The culture of Hispanic female bullies: An exploration of retrospective narrative reports of their socially aggressive behaviors in secondary school

dc.contributor.advisorRicard, Richard
dc.contributor.advisorSmith, Nancy J.
dc.contributor.authorMondragon, Melissa Delgado
dc.contributor.committeeMemberElliff, D. Scott
dc.description.abstractThis qualitative interview study examined retrospective accounts of six Hispanic females between the age of 19 and 23 that attended school in a South Texas school district and who selfidentify as having bullied or committed social aggression regarding their the motivation and experiences. Six females participated in the interview study. Scholars in education, criminology, and psychology noted that the mean girl phenomenon of bullying and social aggression has been overwhelmingly perceived as a White upper-class problem (Chesney-Lind & Irwin, 2004, 2008; Gonick, 2004; Ringrose, 2006) because of this, my study sought to understand how Hispanic females who identified as bullies processed the cultural discourse of social aggression and bullying. The main goal throughout the course of the study was to explore the stories and experiences recollected from the participants past social aggressive experiences to understand the process of the mean girl phenomenon of bullying and social aggression (ChesneyLind & Irwin, 2004, 2008; Gonick, 2006; Ringrose, 2006). Because the majority of the research found on relational or social aggression pertained to white, middle to upper class females (Dellasega & Nixon, 2003), I purposely chose to explore the narratives of Hispanic females as relational or social aggressors, as South Texas is highly populated with Hispanic females and the university is considered a Hispanic Serving Institute. As reflected by the data shared by the participants, the problem of bullying and social aggression is not specific to class or race. Similar to the research conducted of white middle to upper class, the data suggested that the Hispanic female social aggressors that participated in my study were also trying to find ways to react and express aggressiveness without “breaking out of the expectant mold of passiveness and niceness” to outsiders (Dellasega & Nixon, 2003).en_US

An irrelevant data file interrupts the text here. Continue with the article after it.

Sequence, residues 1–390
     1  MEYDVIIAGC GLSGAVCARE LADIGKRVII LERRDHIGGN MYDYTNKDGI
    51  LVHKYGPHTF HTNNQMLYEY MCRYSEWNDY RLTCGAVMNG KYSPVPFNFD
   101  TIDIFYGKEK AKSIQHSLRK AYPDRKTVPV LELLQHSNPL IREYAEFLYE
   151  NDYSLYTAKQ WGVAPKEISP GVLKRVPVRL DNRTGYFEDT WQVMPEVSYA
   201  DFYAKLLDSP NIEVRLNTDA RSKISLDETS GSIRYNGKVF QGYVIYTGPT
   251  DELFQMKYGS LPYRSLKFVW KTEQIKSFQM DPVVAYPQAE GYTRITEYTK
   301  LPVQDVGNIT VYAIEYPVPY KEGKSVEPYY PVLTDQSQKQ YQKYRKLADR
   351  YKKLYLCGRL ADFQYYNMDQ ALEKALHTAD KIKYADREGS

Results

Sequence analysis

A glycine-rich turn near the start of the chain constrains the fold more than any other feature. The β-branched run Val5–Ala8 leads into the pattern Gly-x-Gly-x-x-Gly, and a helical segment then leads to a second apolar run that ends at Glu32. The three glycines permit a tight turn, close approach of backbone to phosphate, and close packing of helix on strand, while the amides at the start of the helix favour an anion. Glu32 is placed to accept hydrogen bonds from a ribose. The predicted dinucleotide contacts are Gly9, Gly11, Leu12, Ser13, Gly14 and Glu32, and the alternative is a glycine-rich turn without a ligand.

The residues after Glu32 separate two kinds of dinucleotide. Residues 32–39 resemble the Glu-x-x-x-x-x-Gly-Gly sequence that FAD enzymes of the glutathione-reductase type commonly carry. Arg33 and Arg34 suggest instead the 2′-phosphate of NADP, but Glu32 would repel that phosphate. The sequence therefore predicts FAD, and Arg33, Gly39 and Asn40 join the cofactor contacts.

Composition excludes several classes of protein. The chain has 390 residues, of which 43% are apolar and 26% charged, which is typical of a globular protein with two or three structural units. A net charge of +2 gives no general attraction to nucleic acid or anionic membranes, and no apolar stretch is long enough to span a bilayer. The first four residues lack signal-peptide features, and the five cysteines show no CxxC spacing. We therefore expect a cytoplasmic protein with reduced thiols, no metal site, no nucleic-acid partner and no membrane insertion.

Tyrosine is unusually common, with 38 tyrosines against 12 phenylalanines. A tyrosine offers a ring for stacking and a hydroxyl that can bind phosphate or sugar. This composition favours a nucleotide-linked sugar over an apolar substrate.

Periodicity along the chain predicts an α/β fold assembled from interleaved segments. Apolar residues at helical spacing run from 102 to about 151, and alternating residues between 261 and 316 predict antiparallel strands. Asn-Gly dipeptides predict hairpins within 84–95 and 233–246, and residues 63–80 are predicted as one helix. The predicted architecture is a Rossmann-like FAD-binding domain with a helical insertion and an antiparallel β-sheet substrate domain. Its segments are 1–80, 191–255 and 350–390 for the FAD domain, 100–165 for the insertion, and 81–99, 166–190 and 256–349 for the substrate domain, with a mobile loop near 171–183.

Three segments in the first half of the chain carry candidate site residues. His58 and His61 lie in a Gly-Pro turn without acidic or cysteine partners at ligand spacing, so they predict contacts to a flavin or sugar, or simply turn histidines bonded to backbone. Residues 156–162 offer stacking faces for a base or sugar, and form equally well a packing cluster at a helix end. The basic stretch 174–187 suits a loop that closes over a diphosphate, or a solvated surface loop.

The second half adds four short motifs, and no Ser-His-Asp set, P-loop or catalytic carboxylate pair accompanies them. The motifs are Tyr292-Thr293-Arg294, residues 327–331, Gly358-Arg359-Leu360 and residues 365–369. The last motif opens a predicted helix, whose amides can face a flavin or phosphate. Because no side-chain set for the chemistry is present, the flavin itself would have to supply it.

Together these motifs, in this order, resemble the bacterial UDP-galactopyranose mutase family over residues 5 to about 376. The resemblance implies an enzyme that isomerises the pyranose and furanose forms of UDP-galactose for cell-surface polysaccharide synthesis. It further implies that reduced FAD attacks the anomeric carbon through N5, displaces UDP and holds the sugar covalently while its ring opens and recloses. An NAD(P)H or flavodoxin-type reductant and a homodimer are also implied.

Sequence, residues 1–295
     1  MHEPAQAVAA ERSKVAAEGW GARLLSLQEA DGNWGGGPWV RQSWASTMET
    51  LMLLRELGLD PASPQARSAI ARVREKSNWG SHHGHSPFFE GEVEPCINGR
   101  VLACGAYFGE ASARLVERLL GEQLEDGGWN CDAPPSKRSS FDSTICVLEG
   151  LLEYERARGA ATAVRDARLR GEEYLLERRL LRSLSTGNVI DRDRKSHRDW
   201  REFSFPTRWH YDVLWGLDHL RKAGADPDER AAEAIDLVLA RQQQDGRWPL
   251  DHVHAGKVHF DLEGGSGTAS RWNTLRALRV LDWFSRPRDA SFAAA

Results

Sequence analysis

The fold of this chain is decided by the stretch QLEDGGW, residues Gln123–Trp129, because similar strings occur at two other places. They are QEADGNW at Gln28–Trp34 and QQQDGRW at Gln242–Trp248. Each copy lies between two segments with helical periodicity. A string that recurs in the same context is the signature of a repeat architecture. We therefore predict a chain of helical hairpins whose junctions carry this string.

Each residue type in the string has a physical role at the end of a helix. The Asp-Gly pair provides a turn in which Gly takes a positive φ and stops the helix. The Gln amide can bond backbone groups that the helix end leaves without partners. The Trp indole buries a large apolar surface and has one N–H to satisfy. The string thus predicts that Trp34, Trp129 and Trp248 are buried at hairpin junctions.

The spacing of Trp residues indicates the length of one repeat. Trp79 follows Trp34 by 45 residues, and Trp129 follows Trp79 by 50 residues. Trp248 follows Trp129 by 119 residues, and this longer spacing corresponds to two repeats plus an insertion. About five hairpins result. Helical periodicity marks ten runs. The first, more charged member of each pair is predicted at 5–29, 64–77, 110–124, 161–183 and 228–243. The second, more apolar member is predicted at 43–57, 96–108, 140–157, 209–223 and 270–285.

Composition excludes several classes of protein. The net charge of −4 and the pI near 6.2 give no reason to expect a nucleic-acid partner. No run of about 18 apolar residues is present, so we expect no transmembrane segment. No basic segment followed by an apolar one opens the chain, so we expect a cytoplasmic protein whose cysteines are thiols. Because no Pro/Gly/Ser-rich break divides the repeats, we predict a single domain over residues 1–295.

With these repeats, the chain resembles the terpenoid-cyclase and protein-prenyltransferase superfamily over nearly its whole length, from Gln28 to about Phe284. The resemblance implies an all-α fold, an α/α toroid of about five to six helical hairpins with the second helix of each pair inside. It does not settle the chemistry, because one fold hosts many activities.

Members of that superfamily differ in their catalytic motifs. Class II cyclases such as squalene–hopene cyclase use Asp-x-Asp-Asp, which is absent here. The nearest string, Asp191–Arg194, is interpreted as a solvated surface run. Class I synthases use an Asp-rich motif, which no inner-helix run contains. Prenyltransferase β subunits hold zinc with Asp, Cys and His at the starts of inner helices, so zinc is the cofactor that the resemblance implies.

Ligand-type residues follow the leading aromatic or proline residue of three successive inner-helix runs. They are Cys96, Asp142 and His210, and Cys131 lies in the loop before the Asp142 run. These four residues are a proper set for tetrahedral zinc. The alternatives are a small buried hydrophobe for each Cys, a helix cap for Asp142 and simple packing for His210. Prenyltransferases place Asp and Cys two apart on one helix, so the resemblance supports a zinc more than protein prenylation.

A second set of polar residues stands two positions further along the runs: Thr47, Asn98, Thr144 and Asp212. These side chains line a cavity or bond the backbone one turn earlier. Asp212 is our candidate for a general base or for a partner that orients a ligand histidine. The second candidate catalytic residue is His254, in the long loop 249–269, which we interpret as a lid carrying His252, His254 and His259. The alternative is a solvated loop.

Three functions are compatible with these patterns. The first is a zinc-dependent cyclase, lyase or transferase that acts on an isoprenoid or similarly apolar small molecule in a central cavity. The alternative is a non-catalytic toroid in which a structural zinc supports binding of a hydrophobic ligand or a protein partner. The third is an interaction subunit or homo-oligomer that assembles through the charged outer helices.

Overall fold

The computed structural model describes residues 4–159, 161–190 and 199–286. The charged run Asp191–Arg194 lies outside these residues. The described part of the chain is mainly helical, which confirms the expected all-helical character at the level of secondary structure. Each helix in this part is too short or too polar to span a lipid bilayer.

dc.description.collegeCollege of Education and Human Developmenten_US
dc.description.departmentEducational Leadership, Curriculum & Instructionen_US
dc.format.extent138 pagesen_US
dc.rightsAttribution-NonCommercial-NoDerivs 3.0 United States*
dc.rightsThis material is made available for use in research, teaching, and private study, pursuant to U.S. Copyright law. The user assumes full responsibility for any use of the materials, including but not limited to, infringement of copyright and publication rights of reproduced materials. Any materials used should be fully credited with its source. All rights are reserved and retained regardless of current or future development or laws that may apply to fair use standards. Permission for publication of this material, in part or in full, must be secured with the author and/or publisher.en_US
dc.subjectrelational aggressionen_US
dc.subjectsocial aggressionen_US
dc.titleThe culture of Hispanic female bullies: An exploration of retrospective narrative reports of their socially aggressive behaviors in secondary schoolen_US
dcterms.typeText Leadershipen_US A & M University--Corpus Christien_US of Educationen_US


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